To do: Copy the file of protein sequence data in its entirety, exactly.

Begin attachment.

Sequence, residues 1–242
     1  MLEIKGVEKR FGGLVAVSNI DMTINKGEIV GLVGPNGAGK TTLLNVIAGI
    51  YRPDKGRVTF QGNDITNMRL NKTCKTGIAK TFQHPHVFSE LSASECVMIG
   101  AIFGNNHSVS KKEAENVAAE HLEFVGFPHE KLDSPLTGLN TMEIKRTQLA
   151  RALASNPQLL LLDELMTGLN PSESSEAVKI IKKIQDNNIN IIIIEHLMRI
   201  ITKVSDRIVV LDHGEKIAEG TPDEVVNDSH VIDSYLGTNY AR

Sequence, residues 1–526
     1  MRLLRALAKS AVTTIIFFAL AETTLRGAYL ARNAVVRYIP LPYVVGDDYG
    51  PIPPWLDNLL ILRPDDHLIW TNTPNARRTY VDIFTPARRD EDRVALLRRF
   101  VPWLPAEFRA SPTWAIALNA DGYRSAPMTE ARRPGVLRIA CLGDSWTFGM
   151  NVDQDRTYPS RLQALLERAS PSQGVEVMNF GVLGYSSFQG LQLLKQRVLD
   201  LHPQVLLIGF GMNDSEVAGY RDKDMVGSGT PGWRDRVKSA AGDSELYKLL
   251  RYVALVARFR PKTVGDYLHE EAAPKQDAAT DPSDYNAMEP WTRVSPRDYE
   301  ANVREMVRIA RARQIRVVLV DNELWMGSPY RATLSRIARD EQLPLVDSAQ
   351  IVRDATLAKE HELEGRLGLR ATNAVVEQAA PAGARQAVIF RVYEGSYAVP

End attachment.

Sequence, residues 1–242
     1  MLEIKGVEKR FGGLVAVSNI DMTINKGEIV GLVGPNGAGK TTLLNVIAGI
    51  YRPDKGRVTF QGNDITNMRL NKTCKTGIAK TFQHPHVFSE LSASECVMIG
   101  AIFGNNHSVS KKEAENVAAE HLEFVGFPHE KLDSPLTGLN TMEIKRTQLA
   151  RALASNPQLL LLDELMTGLN PSESSEAVKI IKKIQDNNIN IIIIEHLMRI
   201  ITKVSDRIVV LDHGEKIAEG TPDEVVNDSH VIDSYLGTNY AR

Sequence, residues 1–526
     1  MRLLRALAKS AVTTIIFFAL AETTLRGAYL ARNAVVRYIP LPYVVGDDYG
    51  PIPPWLDNLL ILRPDDHLIW TNTPNARRTY VDIFTPARRD EDRVALLRRF
   101  VPWLPAEFRA SPTWAIALNA DGYRSAPMTE ARRPGVLRIA CLGDSWTFGM
   151  NVDQDRTYPS RLQALLERAS PSQGVEVMNF GVLGYSSFQG LQLLKQRVLD
   201  LHPQVLLIGF GMNDSEVAGY RDKDMVGSGT PGWRDRVKSA AGDSELYKLL
   251  RYVALVARFR PKTVGDYLHE EAAPKQDAAT DPSDYNAMEP WTRVSPRDYE
   301  ANVREMVRIA RARQIRVVLV DNELWMGSPY RATLSRIARD EQLPLVDSAQ
   351  IVRDATLAKE HELEGRLGLR ATNAVVEQAA PAGARQAVIF RVYEGSYAVP